Time series of infrared NASA images show Cyclone Evan's decline

Dec 19, 2012
This time series of infrared images from the AIRS instrument aboard NASA's Aqua satellite show the changes in intense thunderstorms (purple) within Cyclone Evan as it weakened from Cyclone to Tropical Storm strength in 36 hours. The left image is from Dec. 18, center from Dec. 19 at 0159 UTC, and right from Dec. 19 at 1259 UTC, showing a smaller area of intense storms, and the cyclone appears more disorganized. Credit: Credit: NASA JPL, Ed Olsen

Cyclone Evan is now far south of Fiji and wind shear and cooler sea surface temperatures have been taking their toll on the storm and weakening it. Infrared data from NASA's Aqua satellite has shown a quick decline in the storm's structure over one day.

A time series of infrared images from the Atmospheric Infrared Sounder (AIRS) instrument that flies aboard NASA's Aqua satellite showed changes in intense thunderstorms within Cyclone Evan between Dec. 18 and Dec. 19. Over a time period of 36 hours, Evan weakened from Cyclone strength to Tropical Storm strength. In an AIRS image captured on Dec. 18 there were two large areas of strong thunderstorms with very cold cloud top temperatures colder than -63 Fahrenheit (-52 Celsius).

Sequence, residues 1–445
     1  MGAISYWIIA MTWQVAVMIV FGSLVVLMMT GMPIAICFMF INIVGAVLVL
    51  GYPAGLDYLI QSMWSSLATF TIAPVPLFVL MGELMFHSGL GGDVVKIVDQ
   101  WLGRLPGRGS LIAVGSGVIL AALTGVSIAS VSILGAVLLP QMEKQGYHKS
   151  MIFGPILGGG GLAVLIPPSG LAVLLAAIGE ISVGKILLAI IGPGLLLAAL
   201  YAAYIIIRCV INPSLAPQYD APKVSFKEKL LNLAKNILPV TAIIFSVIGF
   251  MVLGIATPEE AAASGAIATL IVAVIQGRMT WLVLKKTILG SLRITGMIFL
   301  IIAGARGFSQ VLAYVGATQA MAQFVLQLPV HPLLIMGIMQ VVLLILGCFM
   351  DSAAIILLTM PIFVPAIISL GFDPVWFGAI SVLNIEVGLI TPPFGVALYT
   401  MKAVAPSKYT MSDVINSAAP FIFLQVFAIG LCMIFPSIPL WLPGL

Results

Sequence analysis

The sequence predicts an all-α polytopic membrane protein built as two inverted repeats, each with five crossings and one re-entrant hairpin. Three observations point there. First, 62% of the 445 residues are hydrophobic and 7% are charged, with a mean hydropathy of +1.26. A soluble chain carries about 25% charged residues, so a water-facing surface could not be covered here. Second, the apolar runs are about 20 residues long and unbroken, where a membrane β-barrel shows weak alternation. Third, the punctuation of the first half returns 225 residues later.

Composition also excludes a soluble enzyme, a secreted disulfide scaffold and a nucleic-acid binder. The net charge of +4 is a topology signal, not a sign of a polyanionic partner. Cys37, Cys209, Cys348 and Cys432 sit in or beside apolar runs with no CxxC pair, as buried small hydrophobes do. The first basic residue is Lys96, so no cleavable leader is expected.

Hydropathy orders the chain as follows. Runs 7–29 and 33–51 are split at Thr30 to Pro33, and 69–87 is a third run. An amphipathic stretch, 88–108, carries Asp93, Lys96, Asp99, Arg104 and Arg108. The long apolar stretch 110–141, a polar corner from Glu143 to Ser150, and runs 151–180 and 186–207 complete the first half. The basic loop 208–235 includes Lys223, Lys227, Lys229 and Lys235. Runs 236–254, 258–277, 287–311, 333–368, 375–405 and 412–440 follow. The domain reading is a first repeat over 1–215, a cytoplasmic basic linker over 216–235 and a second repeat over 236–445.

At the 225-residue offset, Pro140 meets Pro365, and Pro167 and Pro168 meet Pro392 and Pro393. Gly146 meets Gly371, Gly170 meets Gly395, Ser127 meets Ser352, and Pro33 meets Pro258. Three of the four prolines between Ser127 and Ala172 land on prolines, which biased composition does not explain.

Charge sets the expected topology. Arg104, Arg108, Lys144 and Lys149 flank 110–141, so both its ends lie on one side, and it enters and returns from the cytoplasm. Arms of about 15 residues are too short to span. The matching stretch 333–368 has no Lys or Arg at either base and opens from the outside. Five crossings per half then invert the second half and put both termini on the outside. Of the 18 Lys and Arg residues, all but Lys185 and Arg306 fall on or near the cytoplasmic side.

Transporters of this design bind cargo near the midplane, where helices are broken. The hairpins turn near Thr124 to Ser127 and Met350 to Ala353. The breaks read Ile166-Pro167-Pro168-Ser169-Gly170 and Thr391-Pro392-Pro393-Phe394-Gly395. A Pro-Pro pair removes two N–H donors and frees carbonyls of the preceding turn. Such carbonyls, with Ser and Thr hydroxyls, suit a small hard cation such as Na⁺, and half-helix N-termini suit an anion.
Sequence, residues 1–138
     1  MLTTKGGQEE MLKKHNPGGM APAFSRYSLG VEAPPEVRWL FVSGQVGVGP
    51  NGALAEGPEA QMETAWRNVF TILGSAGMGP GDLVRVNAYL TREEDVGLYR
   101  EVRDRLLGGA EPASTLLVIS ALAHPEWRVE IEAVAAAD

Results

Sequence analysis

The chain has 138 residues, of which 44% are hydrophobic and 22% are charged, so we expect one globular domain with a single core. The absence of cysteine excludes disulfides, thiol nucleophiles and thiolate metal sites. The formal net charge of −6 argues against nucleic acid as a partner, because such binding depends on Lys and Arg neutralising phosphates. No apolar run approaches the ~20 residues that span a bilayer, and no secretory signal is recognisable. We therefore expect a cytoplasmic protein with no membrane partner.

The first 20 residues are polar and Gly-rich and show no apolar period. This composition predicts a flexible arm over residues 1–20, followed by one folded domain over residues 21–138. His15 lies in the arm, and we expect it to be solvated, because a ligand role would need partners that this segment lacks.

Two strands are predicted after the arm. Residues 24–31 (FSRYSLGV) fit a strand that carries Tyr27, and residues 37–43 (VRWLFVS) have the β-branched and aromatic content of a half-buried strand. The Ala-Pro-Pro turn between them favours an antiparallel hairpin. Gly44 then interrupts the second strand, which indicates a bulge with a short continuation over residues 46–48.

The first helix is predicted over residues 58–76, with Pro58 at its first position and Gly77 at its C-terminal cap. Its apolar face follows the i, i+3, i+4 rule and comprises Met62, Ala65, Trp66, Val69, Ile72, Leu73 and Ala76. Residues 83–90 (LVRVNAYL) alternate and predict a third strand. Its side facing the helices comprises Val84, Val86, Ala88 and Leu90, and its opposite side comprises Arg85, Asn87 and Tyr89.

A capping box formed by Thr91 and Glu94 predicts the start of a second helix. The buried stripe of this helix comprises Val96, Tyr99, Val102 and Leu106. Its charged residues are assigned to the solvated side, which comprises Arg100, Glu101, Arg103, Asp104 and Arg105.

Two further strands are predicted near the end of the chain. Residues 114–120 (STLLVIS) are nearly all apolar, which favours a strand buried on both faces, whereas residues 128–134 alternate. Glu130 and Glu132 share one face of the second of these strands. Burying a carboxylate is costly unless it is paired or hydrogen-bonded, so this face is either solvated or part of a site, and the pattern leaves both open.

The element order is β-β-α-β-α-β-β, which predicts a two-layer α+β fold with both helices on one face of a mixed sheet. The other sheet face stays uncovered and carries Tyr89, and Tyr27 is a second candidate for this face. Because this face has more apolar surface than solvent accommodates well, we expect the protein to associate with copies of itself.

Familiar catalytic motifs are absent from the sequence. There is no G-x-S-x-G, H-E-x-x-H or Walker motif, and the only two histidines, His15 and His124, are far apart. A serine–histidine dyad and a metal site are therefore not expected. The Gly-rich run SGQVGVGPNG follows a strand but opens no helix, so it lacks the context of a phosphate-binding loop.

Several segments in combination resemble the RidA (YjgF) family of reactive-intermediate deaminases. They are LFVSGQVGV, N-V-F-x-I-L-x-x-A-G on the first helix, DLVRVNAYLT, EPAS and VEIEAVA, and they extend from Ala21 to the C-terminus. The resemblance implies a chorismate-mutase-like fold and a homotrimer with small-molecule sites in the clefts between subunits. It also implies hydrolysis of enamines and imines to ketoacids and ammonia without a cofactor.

By Dec. 19 at 0159 UTC (Dec. 18 at 8:59 p.m. EST/U.S.) the area of strong thunderstorms had become smaller, and the storm appeared less organized. In the AIRS from Dec. 19 at 1259 UTC (7:59 a.m. EST), the area of strongest thunderstorms had been reduced further and cloud top temperatures throughout the storm were warming, indicating cloud heights were falling because of less evaporation. Evan had moved over sea surface temperatures below the 80 degree Fahrenheit (26.6 degree Celsius) threshold, so evaporation and thunderstorm development had waned.

Wind shear had increased as well, pushing the bulk of the thunderstorm activity about 65 nautical miles (74.8 miles/120.4 km) to the southeast, according to the Joint Typhoon Warning Center. Northwesterly wind shear was very strong, blowing between 40 and 50 knots (46 and 57.5 mph/74 and 92.6 kph). Animated multi-spectral also showed the low-level circulation center remains fully exposed.

On Dec. 19 at 0900 UTC (4 a.m. EST/U.S.), Evan was a tropical storm with near 45 knots (51.7 mph/83.3 kph). It was located about 335 nautical miles (385.5 miles/620.4 km) south of Nadi, Fiji, near 23.7 south latitude and 178.3 east longitude. Evan was moving to the south-southeast at 7 knots (8 mph/13 kph).

Forecasters at the Joint noted that because of the strong and cooler , Evan may dissipate sometime on Dec. 20.

Explore further: Remnants of Tropical Depression Peipah still raining on Philippines

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